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What Is a Dental Nurse?

Dental nurses work alongside dentists to complete oral exams and surgeries. For more information about careers, education and certification, read this article.

Career Overview

'Dental nurse' is a term that's generally used outside of the United States. A similar occupation here in the U.S. is dental assistant, which is the career that this article will focus on.

Dental assistants work alongside dentists during oral examinations and surgeries. As a dental assistant, your duties could include adjusting lighting, administering numbing anesthetic to patients' gums, and operating a suction hose to clear away saliva. You also might counsel patients on general oral care or give them post-operation instructions. At times, you might perform common office duties, such as answering phones, arranging appointments, and taking payments. Other duties might include recording patients' medical histories and making sure they're comfortable during their time in the dentist's chair, as well as preparing and cleaning examination or operating rooms, stocking equipment, and sterilizing instruments.

Important Facts About Dental Nursing

Key Skills Organizational, listening, and interpersonal skills
Similar Occupations Dental Hygienist, Medical Assistant, Pharmacy Technician, Surgical Technologist
Required Education Dependent on state; Courses in biology, anatomy and chemistry are helpful
Work Environment Typically full-time, sometimes during the evening or on weekends

Education

Although some dental assistants get their start through on-the-job training, you'll likely need to complete a formal education program to work in this field. Options include certificate, diploma, and associate's degree programs offered through vocational schools and community colleges. Through one of these programs, you can gain a fundamental understanding of sterilization techniques and protocols for oral procedures, in addition to learning about radiology, dental anatomy, and orthodontics.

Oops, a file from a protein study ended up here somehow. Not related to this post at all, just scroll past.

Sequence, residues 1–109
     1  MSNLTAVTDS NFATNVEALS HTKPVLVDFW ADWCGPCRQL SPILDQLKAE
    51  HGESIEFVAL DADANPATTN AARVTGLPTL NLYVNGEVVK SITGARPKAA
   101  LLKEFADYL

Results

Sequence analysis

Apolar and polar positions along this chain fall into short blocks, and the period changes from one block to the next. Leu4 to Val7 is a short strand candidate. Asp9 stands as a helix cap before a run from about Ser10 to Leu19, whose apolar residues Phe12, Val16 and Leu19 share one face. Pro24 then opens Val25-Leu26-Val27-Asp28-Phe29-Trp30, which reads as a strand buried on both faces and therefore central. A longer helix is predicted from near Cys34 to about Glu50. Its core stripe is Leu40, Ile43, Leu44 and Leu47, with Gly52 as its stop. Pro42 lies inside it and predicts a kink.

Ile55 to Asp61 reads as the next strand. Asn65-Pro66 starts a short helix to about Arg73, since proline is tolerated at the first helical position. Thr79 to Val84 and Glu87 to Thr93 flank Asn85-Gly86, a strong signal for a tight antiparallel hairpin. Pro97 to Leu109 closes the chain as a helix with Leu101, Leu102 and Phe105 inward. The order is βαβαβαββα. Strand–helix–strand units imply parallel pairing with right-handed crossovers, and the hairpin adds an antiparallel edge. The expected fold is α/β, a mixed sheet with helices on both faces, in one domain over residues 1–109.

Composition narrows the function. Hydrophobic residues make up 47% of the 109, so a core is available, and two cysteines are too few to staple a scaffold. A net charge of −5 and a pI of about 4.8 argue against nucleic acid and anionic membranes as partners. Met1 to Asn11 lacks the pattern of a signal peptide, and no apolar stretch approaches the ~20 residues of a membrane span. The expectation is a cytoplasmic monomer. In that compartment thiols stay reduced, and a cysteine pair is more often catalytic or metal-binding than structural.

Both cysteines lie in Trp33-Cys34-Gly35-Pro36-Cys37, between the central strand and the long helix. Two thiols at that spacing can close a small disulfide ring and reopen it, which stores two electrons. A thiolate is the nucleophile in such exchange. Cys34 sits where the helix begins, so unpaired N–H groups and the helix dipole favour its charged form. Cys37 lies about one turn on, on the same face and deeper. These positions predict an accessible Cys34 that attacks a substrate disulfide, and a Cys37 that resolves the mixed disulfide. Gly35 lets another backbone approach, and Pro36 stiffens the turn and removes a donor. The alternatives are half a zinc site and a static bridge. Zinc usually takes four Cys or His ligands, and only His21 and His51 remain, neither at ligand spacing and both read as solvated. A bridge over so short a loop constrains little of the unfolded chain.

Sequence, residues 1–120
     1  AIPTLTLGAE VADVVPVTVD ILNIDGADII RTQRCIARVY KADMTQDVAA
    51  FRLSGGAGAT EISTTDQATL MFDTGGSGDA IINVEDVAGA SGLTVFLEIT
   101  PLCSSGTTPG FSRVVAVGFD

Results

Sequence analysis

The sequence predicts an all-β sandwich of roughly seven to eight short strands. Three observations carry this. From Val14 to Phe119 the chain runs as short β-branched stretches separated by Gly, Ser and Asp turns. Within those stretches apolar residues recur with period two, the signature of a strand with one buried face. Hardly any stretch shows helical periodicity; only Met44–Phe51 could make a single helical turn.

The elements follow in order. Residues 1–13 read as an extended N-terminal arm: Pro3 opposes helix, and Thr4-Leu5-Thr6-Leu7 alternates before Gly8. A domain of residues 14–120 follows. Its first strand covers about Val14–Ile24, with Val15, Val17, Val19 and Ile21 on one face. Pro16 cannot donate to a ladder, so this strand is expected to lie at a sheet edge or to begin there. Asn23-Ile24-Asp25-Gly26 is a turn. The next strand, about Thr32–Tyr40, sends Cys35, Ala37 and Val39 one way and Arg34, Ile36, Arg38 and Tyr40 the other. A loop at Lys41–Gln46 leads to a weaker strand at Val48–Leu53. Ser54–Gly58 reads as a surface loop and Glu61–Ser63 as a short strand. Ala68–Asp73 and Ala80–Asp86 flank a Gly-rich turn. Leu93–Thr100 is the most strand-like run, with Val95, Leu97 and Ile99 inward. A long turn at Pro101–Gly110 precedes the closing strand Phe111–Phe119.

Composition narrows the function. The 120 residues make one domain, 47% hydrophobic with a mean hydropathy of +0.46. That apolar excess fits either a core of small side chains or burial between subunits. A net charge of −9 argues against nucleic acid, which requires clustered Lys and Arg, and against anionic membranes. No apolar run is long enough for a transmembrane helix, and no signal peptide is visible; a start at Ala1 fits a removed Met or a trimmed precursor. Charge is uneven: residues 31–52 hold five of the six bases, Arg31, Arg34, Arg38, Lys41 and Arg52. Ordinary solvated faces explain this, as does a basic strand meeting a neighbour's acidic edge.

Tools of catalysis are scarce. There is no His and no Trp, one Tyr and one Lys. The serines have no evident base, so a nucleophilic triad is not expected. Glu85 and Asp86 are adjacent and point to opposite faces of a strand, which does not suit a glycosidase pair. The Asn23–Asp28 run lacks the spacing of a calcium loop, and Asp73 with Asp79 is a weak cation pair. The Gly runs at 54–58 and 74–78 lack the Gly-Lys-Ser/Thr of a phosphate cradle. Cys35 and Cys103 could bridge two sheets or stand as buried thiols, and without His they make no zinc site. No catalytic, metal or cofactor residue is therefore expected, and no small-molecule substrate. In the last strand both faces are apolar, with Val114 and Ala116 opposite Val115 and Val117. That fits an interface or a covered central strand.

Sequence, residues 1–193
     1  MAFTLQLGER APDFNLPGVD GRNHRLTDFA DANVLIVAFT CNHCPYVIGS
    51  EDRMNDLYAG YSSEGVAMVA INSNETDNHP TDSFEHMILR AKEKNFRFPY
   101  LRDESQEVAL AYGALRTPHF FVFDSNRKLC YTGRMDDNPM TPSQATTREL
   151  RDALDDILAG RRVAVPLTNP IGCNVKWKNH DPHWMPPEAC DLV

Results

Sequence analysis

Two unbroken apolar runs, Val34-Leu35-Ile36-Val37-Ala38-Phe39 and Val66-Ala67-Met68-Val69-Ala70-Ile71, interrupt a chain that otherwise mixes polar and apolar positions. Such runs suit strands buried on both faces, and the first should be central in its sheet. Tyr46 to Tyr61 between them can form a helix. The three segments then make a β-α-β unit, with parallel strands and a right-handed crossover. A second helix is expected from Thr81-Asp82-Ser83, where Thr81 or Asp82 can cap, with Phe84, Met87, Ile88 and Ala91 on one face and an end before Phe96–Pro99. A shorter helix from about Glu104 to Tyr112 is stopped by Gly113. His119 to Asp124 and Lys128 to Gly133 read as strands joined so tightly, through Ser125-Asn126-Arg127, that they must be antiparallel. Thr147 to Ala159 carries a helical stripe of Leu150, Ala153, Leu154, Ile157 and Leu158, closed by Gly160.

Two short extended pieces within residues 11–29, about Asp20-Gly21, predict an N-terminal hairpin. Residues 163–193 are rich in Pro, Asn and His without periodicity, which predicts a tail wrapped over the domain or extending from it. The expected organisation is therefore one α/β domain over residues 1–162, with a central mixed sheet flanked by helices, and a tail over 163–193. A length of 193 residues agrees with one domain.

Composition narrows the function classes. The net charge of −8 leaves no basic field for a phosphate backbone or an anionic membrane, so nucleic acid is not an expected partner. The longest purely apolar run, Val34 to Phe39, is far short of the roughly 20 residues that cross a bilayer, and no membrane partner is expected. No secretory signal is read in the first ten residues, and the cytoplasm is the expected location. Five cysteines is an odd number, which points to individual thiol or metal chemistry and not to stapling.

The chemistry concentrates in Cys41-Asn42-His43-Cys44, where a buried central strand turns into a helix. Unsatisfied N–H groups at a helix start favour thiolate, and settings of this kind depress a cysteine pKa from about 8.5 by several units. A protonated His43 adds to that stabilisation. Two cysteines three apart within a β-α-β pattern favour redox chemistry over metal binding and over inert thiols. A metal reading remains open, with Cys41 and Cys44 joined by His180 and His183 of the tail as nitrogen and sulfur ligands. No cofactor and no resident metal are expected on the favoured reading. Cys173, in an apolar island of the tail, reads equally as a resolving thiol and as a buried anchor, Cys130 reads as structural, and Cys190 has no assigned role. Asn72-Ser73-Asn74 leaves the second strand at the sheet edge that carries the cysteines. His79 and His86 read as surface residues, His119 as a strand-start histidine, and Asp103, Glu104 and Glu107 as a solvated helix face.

Certification

Some states require certification for dental assistants, while others require licensure or no credentialing at all. Certification is offered through the Dental Assisting National Board (DANB). To earn DANB's Certified Dental Assistant (CDA) designation, you must have graduated from a dental assisting training program that's accredited by the American Dental Association's Commission on Dental Accreditation. Alternatively, you could hold a high school diploma and complete on-the-job training. All candidates must have CPR certification and pass the CDA exam. In some states, licensure or registration with DANB is mandated for dental assistants who perform certain tasks, including coronal polishing.

Occupational Outlook and Salary Information

The U.S. Bureau of Labor Statistics (BLS, www.bls.gov) projected faster-than-average job growth for dental assistants in the decade spanning 2016-2026. The Bureau anticipated an increase of 19%, which translates to the addition of about 64,600 new jobs. This growth was attributed, in part, to an expected rise in demand for preventive dental care based on evidence of a link between oral and general health. According to the BLS, the average salary for dental assistants was $39,770 as of May 2018.